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Does that mean Maryland will introduce a mandatory ski helmet law?

Don't be ridiculous. Skiers are normal people like you and me. Bicyclists are irritating fringe characters.

Nice post, though I have to disagree on that last bullet point. I find the east-west streets, King, Prince and Cameron, to be very challenging for beginners--much more so than the north-south routes like Royal. I spent two hours counting people walking and biking on Prince St once and was surprised at the low numbers of cyclists--and that many cyclists were riding on the sidewalk.

Ralph Buehler and his graduate students at VA Tech put together a nice proposal to fix it: http://ralphbu.files.wordpress.com/2012/04/transportationplanning_alexandriabikeinfrastructure_final_small.pdf

Kathryn Papp was the one the proposed bike registration to the Alexandria city council to begin with. http://legistar.granicus.com/alexandria/meetings/2013/1/954_M_City_Council_Public_Hearing_13-01-12_Action_Docket.pdf
She is also on the Friends of Alexandria Waterfront committee. I think there is just one vocal person that wants bike registration in Alexandria but that one person has allot of time on her hands.

If only Aftertime Comics would move into DC,I'd never have to go to Old Town again.

Ski helmets are warm and give you a place to put all those ski area stickers they hand out at the mountain so you can advertise where you've skied.. Can't say the same for bike helmets. Then again, I do have stickers on my bike helmet. They are just reflective dots. Boring.

I wear a ski helmet when I bike in the winter, it keeps my head warm. It does seem more sturdy than a bike helmet.

King street is not bikeable, but Cameron? Isnt that the one with the bike lane on it? I rode that from near the waterfront to the metro station, and it wasnt that bad. Sheesh, come try cycling in Fairfax county some time.

@Scott Sadly, Ms Papp is not alone. There are several bicycle haters among the Old Town crowd. Generally these are the same people who are upset to find Old Town crowded with tourists, though their anti-tourism stance is less direct. Instead they say that "hotels are destroying the historical character of the waterfront." Lucky for them that George Washington didn't make a habit of visiting Alexandria and staying in a hotel. Oh, wait, he did.

@Suburbs You are correct that Cameron is pretty OK for an experienced cyclist. However, it is beginners and other less experienced folk who we need to accommodate. I lead a lot of beginner-level rides in Alexandria and it is tricky to cook up routes for them.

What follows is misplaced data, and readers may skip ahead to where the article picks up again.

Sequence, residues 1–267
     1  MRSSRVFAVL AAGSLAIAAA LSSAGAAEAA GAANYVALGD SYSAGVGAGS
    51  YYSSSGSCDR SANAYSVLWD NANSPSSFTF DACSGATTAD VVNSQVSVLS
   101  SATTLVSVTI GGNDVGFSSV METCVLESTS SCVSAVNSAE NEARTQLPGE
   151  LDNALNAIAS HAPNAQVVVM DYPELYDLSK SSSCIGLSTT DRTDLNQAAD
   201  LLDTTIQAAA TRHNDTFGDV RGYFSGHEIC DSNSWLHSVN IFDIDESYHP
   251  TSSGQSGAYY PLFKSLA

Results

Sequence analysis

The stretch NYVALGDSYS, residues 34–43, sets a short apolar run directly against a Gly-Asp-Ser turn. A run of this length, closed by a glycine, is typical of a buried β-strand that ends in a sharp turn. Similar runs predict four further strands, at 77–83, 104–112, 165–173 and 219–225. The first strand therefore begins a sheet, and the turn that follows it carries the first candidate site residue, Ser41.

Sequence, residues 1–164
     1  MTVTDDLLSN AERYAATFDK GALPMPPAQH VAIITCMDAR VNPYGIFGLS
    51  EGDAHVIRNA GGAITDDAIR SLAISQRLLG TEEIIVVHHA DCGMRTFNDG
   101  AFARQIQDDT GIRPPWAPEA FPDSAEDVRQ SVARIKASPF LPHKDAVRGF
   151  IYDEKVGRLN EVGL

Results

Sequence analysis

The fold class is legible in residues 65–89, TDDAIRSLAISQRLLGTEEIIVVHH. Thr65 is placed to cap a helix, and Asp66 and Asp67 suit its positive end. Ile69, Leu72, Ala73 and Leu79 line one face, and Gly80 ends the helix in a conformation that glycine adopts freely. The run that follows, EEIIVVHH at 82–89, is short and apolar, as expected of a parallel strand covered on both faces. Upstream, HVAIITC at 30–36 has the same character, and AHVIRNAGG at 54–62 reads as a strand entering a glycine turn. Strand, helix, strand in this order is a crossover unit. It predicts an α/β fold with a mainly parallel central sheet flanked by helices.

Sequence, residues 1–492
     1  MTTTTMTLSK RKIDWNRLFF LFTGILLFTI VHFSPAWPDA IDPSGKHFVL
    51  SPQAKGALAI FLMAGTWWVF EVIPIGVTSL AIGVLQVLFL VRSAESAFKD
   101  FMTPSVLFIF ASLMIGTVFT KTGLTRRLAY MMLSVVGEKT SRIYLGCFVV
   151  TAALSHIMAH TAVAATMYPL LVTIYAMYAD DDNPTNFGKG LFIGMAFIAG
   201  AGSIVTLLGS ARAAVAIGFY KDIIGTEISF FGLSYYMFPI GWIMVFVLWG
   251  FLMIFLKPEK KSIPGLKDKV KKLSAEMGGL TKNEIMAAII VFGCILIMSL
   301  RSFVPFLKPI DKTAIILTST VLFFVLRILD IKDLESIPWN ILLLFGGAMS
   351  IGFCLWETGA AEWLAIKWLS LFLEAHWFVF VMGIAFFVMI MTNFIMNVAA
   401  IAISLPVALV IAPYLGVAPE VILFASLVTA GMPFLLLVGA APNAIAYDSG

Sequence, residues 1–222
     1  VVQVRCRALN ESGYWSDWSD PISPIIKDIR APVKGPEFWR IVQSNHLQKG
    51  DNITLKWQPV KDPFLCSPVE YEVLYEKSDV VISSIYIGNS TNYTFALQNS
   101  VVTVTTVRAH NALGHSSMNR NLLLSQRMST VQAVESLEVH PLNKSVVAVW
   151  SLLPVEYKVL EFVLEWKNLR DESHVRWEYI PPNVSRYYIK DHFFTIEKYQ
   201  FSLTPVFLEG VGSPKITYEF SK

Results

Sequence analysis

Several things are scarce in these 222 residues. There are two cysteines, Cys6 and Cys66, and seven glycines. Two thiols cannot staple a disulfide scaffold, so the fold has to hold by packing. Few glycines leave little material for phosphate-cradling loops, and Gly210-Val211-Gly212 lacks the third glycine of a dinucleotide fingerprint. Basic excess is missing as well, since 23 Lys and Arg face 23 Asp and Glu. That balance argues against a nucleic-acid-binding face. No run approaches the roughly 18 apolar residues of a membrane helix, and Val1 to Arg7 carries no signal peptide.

Sure, Lon Anderson is a shill for the car lobby, but how is it not a safety problem for cyclists to run red lights? We SHOULD be stopping at them things.

Ross. see this http://vimeo.com/4140910

"@Suburbs You are correct that Cameron is pretty OK for an experienced cyclist. However, it is beginners and other less experienced folk who we need to accommodate. I lead a lot of beginner-level rides in Alexandria and it is tricky to cook up routes for them."

experienced? I'm one of those folks who refuses to read on most FFX county arterials, and will sometimes take a sidewalk instead. Im not that skilled, confident, or fast (and I do not yet own any lycra). yet I found cameron to be well within my ability. Beginners who are not comfortable with that might be better off sticking to the trails, or to places with quieter grids, like Del Ray, I guess.

"refuses to ride"

I ski, and I always wear a helmet.

I seldom do when cycling around the city, especially when on CaBi.

The big reasons why: Skiing requires a hat of some kind anyway, and I've found my helmet to be more comfortable than a hat. It's warmer, but also breathes better and doesn't fog my goggles up as much.

Skiing and a CaBi ride, for me, are also not equivalent trips. Wearing a ski helment is like wearing a helmet for some aggressive, downhill mountain biking. Wearing a bike helmet for a short city is more like wearing a helment to do a little cross-country skiing.

Finally, when I ski, I am devoting a day to athletic activities. I'm not going to downhill ski to work, or to dinner. If I'm out doing specific athletic things, I don't mind carrying some extra gear.

@washcycle I know the Idaho Stop. And most of the arguments in that promotional video apply to cars as well. But it isn't legal in VA, DC, or MD. Until that changes, Anderson's right - it's illegal AND a safety problem for us to sail through STOP signs.

So it's illegal and unsafe, until it's made legal and then it becomes safe as well? How does changing it's legal status also change it's risk?

hmm - if its legal, it becomes easier to educate drivers about it, so they are aware it takes place, and how they should deal with it. And to educate cyclists about how to do it correctly (IE that treating a stop as a yield STILL imposes signficant due care responsibility)

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